Smart Labels: Always buy desktops, laptops, printers, and scanners (and all-in-one devices), with the ENERGY STAR logo because they meet EPA’s energy efficiency criteria and use less energy in on, sleep, and off modes than similar models. If you are interested in buying a desktop, laptop computer, tablet, or printer that is not only energy efficient, but also contains fewer toxic materials and is designed to be easily disassembled for recycling, buy a model that meets the Electronic Product Environmental Assessment Tool’s criteria and is on their list of registered products.
Smart Settings: For desktops and laptops, take full advantage of power-management settings to also reduce energy use, including avoiding screensavers which actually use more energy by making the computer work harder. Instead set the screen to switch off after 15 minutes or less of inactivity, and the computer to go to sleep after 30 minutes or less of inactivity.
Other inexpensive green gadgets that make good holiday gifts:
Kill-a-Watt Meter: A really nifty device is the Kill-a-Watt meter that enables you to measure how much energy each device in your home uses, both when on and when “turned off.” The meter only costs about $20 and will provide many “ah ha!” moments like: our game console uses 70 watts continuously when our kid forgets to turn it off, which can add up to $100 a year in wasted electricity, or that the “turned off” DVR set top box from your cable or satellite company still draws around 20 watts all night long.
Rechargeable Batteries: Even if you’re not planning big-ticket electronics purchases this holiday season, a battery charger and a set of rechargeable AA batteries can help save lots of money and keep the billions of single use batteries out of the landfill.
Smart Power Strip: As many devices continue to draw some level of power when inactive or even when turned off, the foolproof solution is to plug all the devices in the room into a smart power strip. These next generation power strips can sense when the TV or computer is turned off and will automatically power down all the peripheral devices that are plugged in. For example, consider one for your TV’s ecosystem to ensure not only your TV is really off, but also the DVD player, game console and surround sound speaker system that are connected to it. Many of the models include a few “hot sockets” that allow devices like cell phone chargers to continue to charge while the other devices are turned off. Also make sure to plug your DVR into one of the strip’s hot sockets as they need to remain on to record your shows.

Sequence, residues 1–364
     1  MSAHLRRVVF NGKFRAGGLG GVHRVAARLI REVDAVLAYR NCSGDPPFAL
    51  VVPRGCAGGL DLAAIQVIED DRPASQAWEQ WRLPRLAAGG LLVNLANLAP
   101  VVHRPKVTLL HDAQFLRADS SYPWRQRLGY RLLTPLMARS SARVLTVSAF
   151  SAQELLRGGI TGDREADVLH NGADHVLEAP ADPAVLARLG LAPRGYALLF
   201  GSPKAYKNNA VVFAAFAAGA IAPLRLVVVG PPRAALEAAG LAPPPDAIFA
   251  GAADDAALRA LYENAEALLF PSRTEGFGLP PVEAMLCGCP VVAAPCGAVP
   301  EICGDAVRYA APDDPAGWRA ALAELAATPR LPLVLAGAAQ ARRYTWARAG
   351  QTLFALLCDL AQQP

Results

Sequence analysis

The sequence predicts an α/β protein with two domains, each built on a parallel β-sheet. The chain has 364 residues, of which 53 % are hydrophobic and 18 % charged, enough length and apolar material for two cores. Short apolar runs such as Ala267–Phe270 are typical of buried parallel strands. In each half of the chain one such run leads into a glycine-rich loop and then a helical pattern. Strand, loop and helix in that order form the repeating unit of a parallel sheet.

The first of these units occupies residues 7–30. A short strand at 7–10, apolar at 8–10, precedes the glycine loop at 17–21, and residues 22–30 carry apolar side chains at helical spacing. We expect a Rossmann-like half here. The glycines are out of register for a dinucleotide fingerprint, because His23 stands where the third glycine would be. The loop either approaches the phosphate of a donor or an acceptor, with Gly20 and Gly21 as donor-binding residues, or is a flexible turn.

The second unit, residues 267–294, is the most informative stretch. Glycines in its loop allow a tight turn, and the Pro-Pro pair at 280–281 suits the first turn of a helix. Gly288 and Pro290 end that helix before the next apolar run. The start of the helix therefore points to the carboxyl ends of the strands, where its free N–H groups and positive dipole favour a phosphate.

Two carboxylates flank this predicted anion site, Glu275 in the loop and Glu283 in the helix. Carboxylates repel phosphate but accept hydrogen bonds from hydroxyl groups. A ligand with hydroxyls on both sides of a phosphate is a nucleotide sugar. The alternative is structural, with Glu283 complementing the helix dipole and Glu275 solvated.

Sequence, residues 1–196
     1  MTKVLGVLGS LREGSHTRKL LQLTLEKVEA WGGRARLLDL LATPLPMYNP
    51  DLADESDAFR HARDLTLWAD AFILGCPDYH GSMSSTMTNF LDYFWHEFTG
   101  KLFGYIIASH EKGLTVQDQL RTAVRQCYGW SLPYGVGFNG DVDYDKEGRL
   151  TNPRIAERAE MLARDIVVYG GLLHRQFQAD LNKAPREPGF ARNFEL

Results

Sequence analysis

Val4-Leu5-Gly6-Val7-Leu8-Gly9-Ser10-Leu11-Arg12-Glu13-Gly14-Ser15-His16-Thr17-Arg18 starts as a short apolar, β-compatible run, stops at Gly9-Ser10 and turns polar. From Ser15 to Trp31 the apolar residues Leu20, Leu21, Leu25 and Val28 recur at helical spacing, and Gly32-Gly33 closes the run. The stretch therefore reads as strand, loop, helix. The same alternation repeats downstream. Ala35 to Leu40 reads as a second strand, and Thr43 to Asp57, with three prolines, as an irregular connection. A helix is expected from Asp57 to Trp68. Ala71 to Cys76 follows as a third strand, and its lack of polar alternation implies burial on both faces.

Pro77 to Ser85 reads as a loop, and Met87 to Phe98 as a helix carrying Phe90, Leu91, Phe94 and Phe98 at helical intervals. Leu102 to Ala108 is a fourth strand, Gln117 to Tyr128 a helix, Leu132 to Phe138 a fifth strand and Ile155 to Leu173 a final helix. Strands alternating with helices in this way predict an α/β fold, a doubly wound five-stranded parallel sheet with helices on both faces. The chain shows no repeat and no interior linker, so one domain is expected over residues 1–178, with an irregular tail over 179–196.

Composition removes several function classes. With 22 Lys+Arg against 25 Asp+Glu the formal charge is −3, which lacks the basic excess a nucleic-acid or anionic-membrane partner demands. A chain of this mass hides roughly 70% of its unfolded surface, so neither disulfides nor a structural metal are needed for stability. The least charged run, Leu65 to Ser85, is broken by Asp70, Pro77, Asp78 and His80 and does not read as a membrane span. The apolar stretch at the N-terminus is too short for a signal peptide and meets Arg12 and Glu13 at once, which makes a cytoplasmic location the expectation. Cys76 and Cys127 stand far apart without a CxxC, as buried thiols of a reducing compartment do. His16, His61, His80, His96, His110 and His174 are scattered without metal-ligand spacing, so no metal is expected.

LED Light Bulbs: Treat your friend or relative to one of the new hi-tech LED light bulbs. A good LED light bulb now costs as little as $10 at stores like Home Depot and Wal-Mart and due to its efficiency and long life, will save more than $100 over its lifetime.
What to do With the Old Stuff?
The EPA says about 2 million tons of electronic gadgets are discarded each year, but less than 20 percent are recycled. Fortunately, there are great and easy options to do better.
- Reuse/Resell: It takes a lot of energy to make a new device so it’s often better to keep old functioning consumer electronics in use, especially when it comes to smart phones, tablets, and laptops. Give them to family or friends, or take advantage of small electronics buyback programs from such retailers as Radio Shack and Walmart.com and a slew of websites.